Damned if you do, broke if you don’t.

That’s the tough love I often must tell a client who wants to file for bankruptcy after some sketchy financial business.

Actually, it could be: Jailed if you do, just broke if you don’t.

Here’s the problem:

First, the client may have signed documents in a mortgage, credit application, or divorce litigation that swear to one list of assets and liabilities.  But then she wants to sign a bankruptcy petition with not quite the same list if you get my drift.  This is a prosecutor’s dream – two statements under oath that flatly contradict.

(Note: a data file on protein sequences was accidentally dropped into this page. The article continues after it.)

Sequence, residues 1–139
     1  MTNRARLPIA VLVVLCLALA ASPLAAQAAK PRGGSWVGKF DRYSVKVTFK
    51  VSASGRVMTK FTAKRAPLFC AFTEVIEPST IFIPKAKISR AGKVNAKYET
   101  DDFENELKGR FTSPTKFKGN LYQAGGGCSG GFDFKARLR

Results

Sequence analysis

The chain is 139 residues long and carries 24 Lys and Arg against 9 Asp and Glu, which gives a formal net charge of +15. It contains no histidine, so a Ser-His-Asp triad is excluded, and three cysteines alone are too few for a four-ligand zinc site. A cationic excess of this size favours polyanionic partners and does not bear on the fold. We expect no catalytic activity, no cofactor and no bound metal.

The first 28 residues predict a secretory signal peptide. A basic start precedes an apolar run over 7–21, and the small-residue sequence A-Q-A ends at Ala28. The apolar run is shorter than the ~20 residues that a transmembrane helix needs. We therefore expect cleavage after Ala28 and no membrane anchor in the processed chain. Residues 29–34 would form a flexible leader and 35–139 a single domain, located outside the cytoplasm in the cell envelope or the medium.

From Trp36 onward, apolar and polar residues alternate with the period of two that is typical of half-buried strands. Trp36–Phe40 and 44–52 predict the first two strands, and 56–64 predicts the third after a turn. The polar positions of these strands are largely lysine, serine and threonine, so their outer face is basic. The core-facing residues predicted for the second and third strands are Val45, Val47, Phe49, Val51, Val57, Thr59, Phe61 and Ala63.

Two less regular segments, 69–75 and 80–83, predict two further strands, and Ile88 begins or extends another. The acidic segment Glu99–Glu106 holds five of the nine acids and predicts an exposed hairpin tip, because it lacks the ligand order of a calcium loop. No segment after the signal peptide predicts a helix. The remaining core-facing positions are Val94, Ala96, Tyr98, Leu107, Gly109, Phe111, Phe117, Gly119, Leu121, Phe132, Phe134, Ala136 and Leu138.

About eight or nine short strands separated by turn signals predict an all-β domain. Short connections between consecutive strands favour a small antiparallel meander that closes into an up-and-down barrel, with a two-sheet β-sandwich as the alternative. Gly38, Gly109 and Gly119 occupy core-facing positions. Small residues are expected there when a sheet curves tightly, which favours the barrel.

Second, even when a client does not have that glaring problem, he still exposes all of his finances for examination by a bankruptcy trustee.  And it can be the equivalent of a full physical examination, x-rays and colonoscopy included.  If there’s a false statement in there somewhere, it’ll be found.

I gave a longer speech about this to a gathering of a couple hundred bankruptcy lawyers last month  – here is the short manuscript spelling out the dangers of filing bankruptcy after misbehaving. Download The Danger of Being Underoath PDF.

Bankruptcy Lawyer in Charlotte, NC

If you’re in this situation, get advice from a bankruptcy lawyer (and me) before filing.